If you are ever able I would definitely recommend coming along to the festival, it is quite often a fantastic line up and a great atmosphere.

Arts and Culture, Books

Book Review: The Bed I Made, Lucie Whitehouse

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The Bed I Made, Lucie Whitehouse

I found this a really interesting book to read, as I continued to read it I felt more and more like it was some sour version of 50 Shades of Grey gone psycho. High, giddy romance gone terribly, terribly wrong. But to be honest, the more I read, the more I wondered, was it ever really right in the first place?

I enjoyed the book immensely though. I wanted to keep reading. I wanted to know the finish, what would happen and become of the main character Kate. I have to admit that it did take me a while to warm up to Kate, not due to her indiscretions/lapse in moral judgement, but because it took me a while to ‘get’ her. I am glad though that I took the time to go on the journey with her, from the beginning of her flight from Richard to the very tense and satisfying end.

I certainly found the contrast between Alice (a key character for me) and Kate of interest, and Kate’s fixation and connection with her very unnerving, but perhaps it wasn’t strange considering her trauma. I am glad there was some peace made with this character, a resolution. I found this relationship just as central as the one that Kate develops with Pete in the book. I don’t think you can really do anything but like Pete in the book and you can forgive what may seem a flaw in embarking on something with Kate so soon. I found Kate’s friend easy to like and I think easy to forgive with how she was manipulated and her betrayal of Kate, I am glad in the epilogue this relationship seemed to be mending.

A particular note that I loved in this book was the authors use of the landscape and topography of ‘the Island’ to evoke the moods of the central character and the change from the bleak of winter to the hope of spring. It was well paced also, it was not too long, so you felt the slowly sinister building presence of Richard.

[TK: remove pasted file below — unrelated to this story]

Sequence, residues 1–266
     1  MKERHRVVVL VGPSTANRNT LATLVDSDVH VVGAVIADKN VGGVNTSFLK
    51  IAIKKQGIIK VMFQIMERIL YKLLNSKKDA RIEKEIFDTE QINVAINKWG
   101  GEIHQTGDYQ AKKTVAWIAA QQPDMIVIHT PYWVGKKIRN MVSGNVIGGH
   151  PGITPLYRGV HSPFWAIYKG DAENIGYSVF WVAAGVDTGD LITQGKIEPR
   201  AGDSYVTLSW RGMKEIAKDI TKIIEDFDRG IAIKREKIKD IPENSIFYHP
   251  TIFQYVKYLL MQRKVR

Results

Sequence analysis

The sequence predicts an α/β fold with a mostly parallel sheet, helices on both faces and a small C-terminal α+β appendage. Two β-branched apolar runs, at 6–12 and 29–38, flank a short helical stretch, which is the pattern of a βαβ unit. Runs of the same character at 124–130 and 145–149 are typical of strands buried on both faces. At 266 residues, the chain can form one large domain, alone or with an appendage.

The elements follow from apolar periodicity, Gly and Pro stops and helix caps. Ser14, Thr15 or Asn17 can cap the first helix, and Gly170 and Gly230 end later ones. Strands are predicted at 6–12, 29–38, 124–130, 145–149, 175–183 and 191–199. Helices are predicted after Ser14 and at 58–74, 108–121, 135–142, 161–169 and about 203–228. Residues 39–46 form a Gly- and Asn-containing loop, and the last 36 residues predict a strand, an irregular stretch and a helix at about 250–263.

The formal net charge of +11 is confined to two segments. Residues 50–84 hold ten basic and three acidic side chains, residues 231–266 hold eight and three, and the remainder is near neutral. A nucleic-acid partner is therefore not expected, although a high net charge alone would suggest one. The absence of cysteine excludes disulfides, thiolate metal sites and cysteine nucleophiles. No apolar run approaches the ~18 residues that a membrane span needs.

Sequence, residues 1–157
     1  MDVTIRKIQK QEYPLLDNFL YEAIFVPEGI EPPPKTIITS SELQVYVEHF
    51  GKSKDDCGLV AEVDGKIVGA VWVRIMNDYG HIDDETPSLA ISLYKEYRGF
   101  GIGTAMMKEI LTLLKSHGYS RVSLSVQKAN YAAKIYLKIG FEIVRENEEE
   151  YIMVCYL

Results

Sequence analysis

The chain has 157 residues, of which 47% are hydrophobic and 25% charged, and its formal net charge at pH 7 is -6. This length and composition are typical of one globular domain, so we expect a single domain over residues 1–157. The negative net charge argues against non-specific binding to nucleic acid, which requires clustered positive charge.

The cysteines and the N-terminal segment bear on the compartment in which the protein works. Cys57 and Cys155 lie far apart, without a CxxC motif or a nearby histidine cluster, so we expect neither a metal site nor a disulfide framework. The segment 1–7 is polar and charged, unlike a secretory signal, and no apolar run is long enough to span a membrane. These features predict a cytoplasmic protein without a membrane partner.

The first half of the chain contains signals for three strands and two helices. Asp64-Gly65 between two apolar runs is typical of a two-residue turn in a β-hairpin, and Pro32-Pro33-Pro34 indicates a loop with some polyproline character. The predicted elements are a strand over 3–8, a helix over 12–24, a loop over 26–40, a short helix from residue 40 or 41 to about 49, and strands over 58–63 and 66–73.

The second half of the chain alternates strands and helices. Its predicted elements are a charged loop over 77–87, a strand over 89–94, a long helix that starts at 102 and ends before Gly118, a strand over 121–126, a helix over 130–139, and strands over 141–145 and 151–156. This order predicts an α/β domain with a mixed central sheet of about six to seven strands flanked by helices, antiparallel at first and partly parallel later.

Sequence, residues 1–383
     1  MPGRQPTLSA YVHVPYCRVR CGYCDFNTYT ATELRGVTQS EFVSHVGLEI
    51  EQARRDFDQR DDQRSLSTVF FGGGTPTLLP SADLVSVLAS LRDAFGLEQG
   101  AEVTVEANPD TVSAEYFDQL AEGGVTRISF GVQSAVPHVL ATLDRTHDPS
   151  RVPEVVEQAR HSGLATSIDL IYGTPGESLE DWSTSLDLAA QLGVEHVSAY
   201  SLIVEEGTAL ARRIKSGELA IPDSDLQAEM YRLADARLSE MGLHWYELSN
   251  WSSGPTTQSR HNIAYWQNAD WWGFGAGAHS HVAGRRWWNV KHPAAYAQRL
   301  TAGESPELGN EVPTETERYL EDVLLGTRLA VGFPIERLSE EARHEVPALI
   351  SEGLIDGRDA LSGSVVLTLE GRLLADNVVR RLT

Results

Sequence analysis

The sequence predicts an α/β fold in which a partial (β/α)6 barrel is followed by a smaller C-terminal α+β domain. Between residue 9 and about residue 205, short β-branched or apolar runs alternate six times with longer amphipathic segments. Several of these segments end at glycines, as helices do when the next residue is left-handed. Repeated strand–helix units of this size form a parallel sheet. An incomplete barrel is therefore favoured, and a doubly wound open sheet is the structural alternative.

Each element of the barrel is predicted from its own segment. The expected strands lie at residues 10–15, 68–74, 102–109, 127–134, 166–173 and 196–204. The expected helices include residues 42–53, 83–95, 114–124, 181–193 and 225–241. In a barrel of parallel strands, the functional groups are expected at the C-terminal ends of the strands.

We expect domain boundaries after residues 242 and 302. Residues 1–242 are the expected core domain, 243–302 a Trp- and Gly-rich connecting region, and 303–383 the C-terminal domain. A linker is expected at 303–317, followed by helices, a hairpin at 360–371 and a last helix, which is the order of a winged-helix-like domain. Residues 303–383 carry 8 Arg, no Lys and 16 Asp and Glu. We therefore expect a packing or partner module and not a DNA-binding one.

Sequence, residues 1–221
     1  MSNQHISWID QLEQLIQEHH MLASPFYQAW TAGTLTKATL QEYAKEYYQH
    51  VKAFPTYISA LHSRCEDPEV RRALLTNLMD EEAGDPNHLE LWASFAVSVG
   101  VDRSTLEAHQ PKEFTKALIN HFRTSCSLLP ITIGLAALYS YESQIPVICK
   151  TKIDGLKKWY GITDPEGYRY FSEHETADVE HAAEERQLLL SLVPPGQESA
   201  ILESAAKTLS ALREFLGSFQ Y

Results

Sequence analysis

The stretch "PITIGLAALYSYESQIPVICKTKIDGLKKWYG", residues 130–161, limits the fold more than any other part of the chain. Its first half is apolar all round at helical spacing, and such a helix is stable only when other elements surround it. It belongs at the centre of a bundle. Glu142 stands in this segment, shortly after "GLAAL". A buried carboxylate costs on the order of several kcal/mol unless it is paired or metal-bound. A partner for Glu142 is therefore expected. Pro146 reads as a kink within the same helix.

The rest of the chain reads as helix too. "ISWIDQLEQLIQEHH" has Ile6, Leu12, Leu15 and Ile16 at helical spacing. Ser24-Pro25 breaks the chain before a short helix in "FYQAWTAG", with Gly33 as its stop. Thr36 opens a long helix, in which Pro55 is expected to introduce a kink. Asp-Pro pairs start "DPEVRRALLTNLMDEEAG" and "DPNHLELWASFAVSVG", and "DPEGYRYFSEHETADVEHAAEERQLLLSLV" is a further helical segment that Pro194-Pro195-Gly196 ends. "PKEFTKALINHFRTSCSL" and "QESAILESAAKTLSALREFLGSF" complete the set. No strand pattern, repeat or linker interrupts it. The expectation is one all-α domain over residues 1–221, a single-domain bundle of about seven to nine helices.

Overall I found this book a satisfying read and I would really recommend, it is well written and well paced. Find it for yourself and enjoy!

Books, General Musings

International Literacy Day: Literacy & Me

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I cant imagine a world where I was unable to read. I am sure I could have survived but my life would never have been as enriched as it is today.

I would not have run through the woods with Skip. I would not have climbed the Faraway Tree with Moon Face, had midnight feasts at Mallory Towers or had adventures with the Chalet Girls. I would not have learnt girls could be soldiers like Alanna, they could befriend the outsiders and love those who are shunned like Marnie, I would not have time travelled with Dan and Ursula to Roman Britain, been at the Battle of Troy with the Moon Riders, with Odysseus or all the Greek armies. I would never have found the Night World, saved Middle Earth with Frodo and the Fellowship or discovered a world of magic with Harry as we grew up together. Discovered love with Elizabeth and Darcy, met the Kings Assassin or the Liveship Traders, tasted the poisons with Yelena or discovered Spinalonga……

I am already omitting so many characters I have met loved and cherished in the above, I just cant list them all. But each book, story or character has shaped a part of me. Informed a part of who I am, reminds of great times, the dark times that reading got me through and just the joy of being able to read. Without literacy I would have missed out on so many things, I would still be missing out on so many things. Literacy truly is a gift to treasured and should be for everyone, so on International Literacy Day I hope and pray for a future where this is possible.